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Spring Prescribed Fires to Begin on the Superior National Forest

Duluth, Minn., April 26, 2023-The Superior National Forest will begin spring prescribed burns when weather and conditions allow. Due to the lingering winter conditions, prescribed fire has been pushed back this year.

The Forest has prescribed fire plans developed to burn up to 7,000 acres; however, burning all planned acres depends on many factors such as weather and vegetation conditions, fire staff availability, and other considerations.

Why use prescribed burning? Prescribed fires help reduce hazardous fuel build up and the risk of intense wildfire. In addition, they improve and maintain forest health and wildlife habitat and eliminate invasive species. The meadow and forest ecosystems in northeastern Minnesota are fire-dependent and rely on periodic fires to stay healthy. Prescribed fire also is culturally significant to indigenous people of this area.

"Fire is natural, and it needs to be part of the solution. Putting fire back on the landscape will rejuvenate areas needed for indigenous people to exercise their treaty rights by creating better habitat to hunt and gather and improve forest conditions. We have been burning in this area and across the nation for centuries and we know it works."–Damon Panek-Fond du Lac Wildfire Operations Specialist

How do we plan? Prescribed burning is planned for various units across the two-million-acre portion of the Forest (prescribed burns in the Boundary Waters Canoe Wilderness are planned separately), however the window of opportunity for prescribed burning is very small. Safety factors, weather conditions, air quality, personnel availability and environmental regulations are continually monitored before the burn to determine feasibility of moving forward with the prescribed burn, during and after the burn.

"Depending on the fuels and weather conditions, the prescribed fire units could be burned starting as early as April 18 through June or July of 2022. Prescribed fires will begin on the western half of the Forest in oak-blueberry units to stimulate blueberry production. Next, we'll focus on meadow burns, then under burning in forest stands to reduce excess fuel build-up," said Nick Petrack, West Zone Fire Management Officer.

Public notifications: Prior to initiating the prescribed fires, fire professionals assess conditions, conduct a test burn and notify local governments and interested publics via email. If a larger burn is planned and it is likely to create visible smoke, is near a road or a community, the Forest will additionally use social media and the Forest website to inform the public about prescribed burn activity.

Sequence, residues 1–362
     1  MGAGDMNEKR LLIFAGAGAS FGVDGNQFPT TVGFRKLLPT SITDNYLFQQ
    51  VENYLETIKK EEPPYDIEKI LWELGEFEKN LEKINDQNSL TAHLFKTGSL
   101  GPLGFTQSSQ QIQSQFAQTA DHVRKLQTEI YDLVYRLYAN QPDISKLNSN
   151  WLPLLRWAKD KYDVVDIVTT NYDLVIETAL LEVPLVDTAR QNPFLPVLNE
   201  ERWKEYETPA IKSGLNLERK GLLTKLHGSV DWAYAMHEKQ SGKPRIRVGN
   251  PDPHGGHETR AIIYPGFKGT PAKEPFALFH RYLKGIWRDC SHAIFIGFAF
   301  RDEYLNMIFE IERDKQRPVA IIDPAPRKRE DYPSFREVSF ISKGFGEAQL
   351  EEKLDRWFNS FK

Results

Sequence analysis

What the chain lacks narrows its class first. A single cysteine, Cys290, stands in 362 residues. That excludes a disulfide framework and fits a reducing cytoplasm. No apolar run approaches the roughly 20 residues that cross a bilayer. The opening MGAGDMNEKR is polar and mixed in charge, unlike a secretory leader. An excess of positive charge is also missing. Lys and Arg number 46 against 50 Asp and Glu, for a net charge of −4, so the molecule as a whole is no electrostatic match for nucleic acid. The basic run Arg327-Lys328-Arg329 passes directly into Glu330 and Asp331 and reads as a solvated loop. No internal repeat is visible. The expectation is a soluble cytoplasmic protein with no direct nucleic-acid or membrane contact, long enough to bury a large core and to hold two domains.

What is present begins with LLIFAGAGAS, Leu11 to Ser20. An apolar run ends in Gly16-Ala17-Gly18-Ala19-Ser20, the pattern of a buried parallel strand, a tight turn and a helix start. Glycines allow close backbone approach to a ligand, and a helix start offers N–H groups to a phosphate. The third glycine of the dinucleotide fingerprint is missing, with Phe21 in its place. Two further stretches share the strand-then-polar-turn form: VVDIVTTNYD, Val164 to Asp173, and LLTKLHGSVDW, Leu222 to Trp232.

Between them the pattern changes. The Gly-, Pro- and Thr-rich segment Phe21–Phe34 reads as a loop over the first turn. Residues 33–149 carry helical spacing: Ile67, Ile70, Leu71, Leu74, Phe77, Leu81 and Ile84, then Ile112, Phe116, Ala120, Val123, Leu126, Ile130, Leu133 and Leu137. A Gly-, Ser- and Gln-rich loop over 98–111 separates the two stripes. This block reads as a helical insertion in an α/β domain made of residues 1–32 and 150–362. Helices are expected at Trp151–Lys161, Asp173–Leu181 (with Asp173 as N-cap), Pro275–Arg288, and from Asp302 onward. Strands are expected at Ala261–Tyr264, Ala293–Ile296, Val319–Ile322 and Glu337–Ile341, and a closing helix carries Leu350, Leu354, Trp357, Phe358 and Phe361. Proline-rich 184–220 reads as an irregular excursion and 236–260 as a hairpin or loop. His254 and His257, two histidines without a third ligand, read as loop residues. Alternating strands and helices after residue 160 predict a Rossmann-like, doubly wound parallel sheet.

Safety and monitoring: Trained fire professionals who have studied fire behavior and fire control techniques conduct these burns to ensure the safety of the burn crew, nearby residents, and property.

"Safety of our firefighters and the public is always our number one priority. We only conduct the prescribed burns if conditions allow. We typically do not complete all of the prescribed burns we have planned in a given year because the window for burning is short and conditions must be just right on-the-ground," Petrack added.

Benefits of prescribed burning as a forest management tool:

• Protects communities and infrastructure by reducing hazardous fuels and the risk of high intensity wildfires.

• Improves and supports wildlife habitat for many species on the forest including kestrel, woodcock, moose, white tail deer, black bear, meadow vole and the rare Nabokov blue butterfly.

• Limits the spread of invasive plant species and maintains native ecosystems.

• Promotes the growth of trees, plants, and wildflowers, and the wild blueberry crop.

• Continues the historic fire regime of frequent disturbance by fire.

• Preserves a cultural activity of indigenous Treaty Bands in this area.

For safety of our pilots and firefighters, we ask everyone to refrain from using drones in fire areas. Remember, when you fly, we cannot. Please, keep drones away from wildfires!

For more information about the status of prescribed fires, please visit the Superior National Forest website, and follow us on Facebook and Twitter for updates.

If you have questions about planned burns on the Kawishiwi, La Croix or Laurentian districts, please call (218)248-2411. For questions about planned fires on Tofte or Gunflint districts, please call (218)387-1750.

 

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